I did not make the dish as I would have been the only courageous soul to even try it (I suspect I would have liked it:)

  27. Wonderful twist on this dish. I think I’d rather have this than the pasta. Actually, make that I know…

  28. Anonymous says:

    I was wandering the internet, hungry, virtually without currency, when I came upon this post. So generously did it feed my beggared appetite that, if I had hair, I would tug my forelock.

    As it is, I’ll have to offer some other tribute.


  29. I love your variation, but you totally owe it to yourself to make it with the pasta. The fresh herbs and orange zest at the end totally rock the dish. You could actually make the entire fruit nut butter thing, then save it and try with a portion of pasta. If you still insist on not liking it (I loved it) you could use the rest of the fruit nut butter thing with more apples. Or pears, or chocolate. C’est magnifique!

  30. Looks so good!! 🙂

  31. Classic Sis Boom post 🙂 And now it’s a “Two-fer” recipe 🙂

  32. Ah yes, it’s all coming back to me now…
    (It was good as linguine too…especially over buckwheat pasta.) You really should go back and try the pasta version.

  33. The skillet wielding
    Doristas have found their way
    Into this week’s blog.

    Apples and pancakes
    Can happily coexist
    In mediant fashion.

  34. Ooh, now your apples look delicious. I have a feeling I would have enjoyed these much more than mine. Why didn’t I add caramel?

  35. Love what you did with the Baked Apples:) You should consider writing your own cookbook.

  36. You have my absolution… I love figs this is dessert heaven to me.

  37. These look amazing…I do remember this post! The presentation is gorgeous!! Happy Weekend, Trevor!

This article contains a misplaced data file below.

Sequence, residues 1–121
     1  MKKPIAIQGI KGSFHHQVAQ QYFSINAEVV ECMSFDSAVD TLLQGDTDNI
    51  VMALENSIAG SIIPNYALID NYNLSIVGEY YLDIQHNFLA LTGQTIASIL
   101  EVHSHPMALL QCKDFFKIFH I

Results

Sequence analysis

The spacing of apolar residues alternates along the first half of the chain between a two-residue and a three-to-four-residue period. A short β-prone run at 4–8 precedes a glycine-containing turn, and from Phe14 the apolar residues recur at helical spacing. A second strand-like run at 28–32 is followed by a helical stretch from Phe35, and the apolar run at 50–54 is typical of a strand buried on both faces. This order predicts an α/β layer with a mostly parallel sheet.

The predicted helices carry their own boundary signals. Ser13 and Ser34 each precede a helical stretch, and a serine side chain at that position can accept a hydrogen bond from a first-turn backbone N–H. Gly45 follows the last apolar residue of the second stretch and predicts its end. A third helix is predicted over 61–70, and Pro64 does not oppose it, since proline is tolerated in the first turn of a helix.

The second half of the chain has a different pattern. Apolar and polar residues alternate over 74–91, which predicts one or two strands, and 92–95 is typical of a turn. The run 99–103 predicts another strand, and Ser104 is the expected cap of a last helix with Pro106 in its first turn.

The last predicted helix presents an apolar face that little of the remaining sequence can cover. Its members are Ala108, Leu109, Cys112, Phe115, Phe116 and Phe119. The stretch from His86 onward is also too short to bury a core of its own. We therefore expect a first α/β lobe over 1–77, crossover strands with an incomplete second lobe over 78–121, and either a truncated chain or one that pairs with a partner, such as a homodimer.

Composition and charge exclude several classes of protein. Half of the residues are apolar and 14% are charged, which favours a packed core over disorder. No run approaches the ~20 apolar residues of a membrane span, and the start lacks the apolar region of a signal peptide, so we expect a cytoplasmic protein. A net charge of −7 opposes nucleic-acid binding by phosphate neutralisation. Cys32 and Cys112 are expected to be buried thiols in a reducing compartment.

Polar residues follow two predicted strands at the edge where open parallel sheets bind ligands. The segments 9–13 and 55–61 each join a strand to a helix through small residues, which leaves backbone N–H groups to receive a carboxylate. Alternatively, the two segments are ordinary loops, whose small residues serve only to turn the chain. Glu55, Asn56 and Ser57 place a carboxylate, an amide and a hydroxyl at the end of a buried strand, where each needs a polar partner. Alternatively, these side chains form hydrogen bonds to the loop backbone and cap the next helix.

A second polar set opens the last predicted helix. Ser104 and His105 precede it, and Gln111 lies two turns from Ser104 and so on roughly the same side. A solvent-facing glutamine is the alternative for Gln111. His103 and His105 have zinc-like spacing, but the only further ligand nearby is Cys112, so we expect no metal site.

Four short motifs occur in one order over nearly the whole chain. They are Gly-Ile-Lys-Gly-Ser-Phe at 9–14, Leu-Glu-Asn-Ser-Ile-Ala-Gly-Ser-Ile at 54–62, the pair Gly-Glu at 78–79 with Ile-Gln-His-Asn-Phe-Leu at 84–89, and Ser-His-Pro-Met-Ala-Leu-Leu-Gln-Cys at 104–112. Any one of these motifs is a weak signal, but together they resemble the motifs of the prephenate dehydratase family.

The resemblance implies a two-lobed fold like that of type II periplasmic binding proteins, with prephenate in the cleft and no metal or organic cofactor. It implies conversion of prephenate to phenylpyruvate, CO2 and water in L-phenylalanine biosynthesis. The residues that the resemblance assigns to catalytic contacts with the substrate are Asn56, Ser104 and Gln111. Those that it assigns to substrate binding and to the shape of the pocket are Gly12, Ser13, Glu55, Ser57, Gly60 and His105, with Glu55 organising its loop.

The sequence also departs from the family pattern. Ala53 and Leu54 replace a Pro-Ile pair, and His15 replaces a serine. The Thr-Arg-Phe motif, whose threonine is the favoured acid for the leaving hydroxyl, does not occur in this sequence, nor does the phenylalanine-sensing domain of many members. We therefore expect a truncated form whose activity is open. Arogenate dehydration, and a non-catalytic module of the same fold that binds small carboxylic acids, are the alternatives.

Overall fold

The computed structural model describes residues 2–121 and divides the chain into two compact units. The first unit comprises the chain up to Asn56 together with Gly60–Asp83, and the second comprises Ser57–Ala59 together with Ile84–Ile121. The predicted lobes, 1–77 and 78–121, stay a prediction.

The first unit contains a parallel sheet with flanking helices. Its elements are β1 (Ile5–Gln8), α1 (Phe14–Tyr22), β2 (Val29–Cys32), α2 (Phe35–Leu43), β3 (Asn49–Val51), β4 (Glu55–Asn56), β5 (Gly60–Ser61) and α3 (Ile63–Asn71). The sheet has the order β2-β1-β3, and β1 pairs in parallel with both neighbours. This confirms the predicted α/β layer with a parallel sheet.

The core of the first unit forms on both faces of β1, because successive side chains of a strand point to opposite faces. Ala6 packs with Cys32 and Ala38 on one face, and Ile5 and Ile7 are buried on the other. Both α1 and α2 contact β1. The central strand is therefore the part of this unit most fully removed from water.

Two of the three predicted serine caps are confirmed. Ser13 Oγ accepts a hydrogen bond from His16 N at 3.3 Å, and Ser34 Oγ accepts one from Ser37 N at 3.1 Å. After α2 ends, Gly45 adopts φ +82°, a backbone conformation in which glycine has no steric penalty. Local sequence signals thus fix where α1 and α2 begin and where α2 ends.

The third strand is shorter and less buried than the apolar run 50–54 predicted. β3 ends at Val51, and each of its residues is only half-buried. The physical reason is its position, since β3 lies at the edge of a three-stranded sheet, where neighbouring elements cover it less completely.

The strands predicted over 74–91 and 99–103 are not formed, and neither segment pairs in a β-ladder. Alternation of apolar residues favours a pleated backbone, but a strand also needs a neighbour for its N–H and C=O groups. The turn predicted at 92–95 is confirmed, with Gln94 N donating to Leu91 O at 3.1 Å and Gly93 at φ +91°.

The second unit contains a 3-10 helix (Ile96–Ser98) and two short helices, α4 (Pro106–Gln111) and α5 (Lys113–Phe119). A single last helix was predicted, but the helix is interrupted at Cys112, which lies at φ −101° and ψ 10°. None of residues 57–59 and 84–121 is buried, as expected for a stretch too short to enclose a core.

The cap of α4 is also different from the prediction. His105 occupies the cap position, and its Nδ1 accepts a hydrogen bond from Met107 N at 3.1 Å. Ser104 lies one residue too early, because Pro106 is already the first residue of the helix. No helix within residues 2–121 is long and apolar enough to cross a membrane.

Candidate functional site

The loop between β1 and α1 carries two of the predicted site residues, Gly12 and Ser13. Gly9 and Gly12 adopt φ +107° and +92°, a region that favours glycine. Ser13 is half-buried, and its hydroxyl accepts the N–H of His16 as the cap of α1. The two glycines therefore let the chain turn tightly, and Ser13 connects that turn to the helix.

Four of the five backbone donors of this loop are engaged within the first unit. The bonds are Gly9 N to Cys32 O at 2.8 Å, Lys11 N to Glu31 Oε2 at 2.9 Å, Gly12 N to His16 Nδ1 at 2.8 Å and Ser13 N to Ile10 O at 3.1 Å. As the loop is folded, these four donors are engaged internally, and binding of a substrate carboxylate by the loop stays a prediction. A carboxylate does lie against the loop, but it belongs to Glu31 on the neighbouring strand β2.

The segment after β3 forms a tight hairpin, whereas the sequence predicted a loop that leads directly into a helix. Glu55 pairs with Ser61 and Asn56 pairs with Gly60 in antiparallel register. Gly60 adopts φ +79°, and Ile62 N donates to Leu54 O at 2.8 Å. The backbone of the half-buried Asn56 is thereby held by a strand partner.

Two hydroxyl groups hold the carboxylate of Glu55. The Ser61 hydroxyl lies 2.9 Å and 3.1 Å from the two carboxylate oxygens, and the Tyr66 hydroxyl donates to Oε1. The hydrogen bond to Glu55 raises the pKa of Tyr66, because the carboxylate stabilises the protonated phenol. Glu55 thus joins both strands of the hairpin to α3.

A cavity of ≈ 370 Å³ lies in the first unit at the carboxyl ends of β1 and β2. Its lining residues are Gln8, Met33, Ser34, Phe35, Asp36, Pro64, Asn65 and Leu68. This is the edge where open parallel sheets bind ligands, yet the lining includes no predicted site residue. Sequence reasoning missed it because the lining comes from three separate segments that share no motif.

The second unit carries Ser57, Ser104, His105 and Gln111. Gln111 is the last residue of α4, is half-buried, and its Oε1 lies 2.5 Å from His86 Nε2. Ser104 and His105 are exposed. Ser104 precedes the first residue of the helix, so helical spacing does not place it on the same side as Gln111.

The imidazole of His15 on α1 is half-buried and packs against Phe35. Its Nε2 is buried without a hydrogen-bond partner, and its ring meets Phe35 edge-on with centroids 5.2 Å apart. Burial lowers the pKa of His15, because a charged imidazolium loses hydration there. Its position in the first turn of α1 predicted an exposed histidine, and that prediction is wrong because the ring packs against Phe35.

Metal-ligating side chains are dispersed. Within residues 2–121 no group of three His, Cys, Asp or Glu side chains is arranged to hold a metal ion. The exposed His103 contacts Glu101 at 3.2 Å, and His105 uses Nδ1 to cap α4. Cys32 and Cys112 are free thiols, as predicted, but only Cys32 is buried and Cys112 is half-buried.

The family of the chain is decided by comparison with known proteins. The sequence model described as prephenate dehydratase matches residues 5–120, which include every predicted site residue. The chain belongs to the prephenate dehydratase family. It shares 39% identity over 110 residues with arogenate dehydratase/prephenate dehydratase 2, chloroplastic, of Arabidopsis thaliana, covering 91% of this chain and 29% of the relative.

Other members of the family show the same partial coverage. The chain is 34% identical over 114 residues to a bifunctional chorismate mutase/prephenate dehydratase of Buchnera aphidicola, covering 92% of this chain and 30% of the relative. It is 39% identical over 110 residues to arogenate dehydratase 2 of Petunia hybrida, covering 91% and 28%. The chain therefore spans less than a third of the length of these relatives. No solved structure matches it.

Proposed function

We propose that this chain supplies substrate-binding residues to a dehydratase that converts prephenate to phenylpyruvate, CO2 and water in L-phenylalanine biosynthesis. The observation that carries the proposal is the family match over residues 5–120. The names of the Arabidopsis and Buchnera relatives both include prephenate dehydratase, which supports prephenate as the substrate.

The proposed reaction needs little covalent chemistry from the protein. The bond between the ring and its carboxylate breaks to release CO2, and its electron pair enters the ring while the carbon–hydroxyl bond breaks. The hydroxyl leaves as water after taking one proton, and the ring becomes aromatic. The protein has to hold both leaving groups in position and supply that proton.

38. Unlike Kathy, I don’t remember the Beggar’s Post so I was mesmorized by your write-up this week. Pulled out my Dorie cookbook and figured it all out. Amazing. Looks wonderful and, as always, your photos are award winning. You turned simple baked apples into a gorgeous affair. Loved this Post.

  39. OK, NOW I GET IT………….

  40. Very entertaining Trevor! Hope you are having a nice weekend.

  41. Lovely- I had pistachios on hand and did not even consider using them. The lightbulb never even went off. Though if you read our blog you will see that it has evidently dimmed significantly in 2014 as I didn’t even think of correctly using CIDER and instead read it as cider vinegar. Yum- happily basting away. As I told Mardi, I not only felt like I failure but the fact that my vinegar didn’t even result in acrid fumes left me thinking I even failed in my failure (circle of abyss…..) Now, for the record, I do have a sweet tooth so that may have impacted my view of that Beggar’s Linguine but I really do suggest you give it a whirl sometime if you have not. It is hands down one of my favorite recipes of the book and my family adores it as well. My in laws requested the recipe so they could make it for guests who tell me they loved it (though guests sometimes are just being polite:).

    • Clever, but you’re still a cheater!
      (Now y’all have me curious — travelling back in time to check the linguine recipe…very interesting….Tricia, I will try it!)

  42. Very creative and lovely photos! 🙂

  43. Caramel sauce might have been the saving grace for these! Baked apples are just not my thing. But caramel- definitely! (And I am so curious about the linguine!)

  44. How about them apples? They look pretty darn good, even if you did sin and substitute. May I suggest a cocktail to wash away the sins?